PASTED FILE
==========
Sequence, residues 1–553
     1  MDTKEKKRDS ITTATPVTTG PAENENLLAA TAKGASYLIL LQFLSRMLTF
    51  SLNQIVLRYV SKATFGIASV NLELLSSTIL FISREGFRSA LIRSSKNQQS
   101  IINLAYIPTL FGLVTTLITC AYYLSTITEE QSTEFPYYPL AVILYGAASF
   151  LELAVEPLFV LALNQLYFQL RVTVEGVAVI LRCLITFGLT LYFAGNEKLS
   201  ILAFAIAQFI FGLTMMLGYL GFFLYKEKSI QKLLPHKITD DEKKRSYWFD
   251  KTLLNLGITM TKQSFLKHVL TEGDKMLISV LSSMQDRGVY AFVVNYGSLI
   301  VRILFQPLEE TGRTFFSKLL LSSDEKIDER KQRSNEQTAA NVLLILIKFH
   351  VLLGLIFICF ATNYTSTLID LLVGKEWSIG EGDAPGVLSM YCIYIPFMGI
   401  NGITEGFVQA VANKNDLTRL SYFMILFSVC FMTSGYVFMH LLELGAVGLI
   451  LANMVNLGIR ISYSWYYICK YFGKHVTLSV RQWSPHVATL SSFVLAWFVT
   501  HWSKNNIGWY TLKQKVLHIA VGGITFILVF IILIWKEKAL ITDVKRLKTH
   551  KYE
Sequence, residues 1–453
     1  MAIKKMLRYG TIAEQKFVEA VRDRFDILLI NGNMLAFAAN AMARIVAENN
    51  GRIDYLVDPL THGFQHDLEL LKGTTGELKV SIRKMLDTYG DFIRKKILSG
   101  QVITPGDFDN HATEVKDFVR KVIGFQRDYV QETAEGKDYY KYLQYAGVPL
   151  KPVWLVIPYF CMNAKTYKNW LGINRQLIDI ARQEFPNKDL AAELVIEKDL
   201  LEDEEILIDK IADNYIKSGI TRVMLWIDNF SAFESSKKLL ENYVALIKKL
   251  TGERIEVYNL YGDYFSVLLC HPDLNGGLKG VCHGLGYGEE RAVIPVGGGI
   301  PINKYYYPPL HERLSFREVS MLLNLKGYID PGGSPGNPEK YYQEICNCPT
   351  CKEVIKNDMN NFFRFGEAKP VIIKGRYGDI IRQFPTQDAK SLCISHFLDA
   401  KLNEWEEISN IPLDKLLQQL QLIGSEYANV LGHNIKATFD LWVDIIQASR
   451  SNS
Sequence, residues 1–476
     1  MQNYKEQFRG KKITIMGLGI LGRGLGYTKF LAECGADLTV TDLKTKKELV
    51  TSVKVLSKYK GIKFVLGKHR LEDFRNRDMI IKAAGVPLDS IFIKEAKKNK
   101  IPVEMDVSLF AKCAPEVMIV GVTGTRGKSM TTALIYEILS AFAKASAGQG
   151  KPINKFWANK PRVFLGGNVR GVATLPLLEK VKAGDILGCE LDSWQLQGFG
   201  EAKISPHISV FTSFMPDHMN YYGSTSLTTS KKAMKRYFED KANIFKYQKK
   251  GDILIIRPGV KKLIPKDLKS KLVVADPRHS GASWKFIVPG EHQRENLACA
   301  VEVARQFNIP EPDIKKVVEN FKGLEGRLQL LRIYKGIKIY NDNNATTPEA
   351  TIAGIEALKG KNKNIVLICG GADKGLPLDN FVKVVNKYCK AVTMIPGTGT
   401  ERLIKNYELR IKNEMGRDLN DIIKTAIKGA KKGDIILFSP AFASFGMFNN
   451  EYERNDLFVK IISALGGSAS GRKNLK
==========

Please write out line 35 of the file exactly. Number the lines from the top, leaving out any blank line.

   451  EYERNDLFVK IISALGGSAS GRKNLK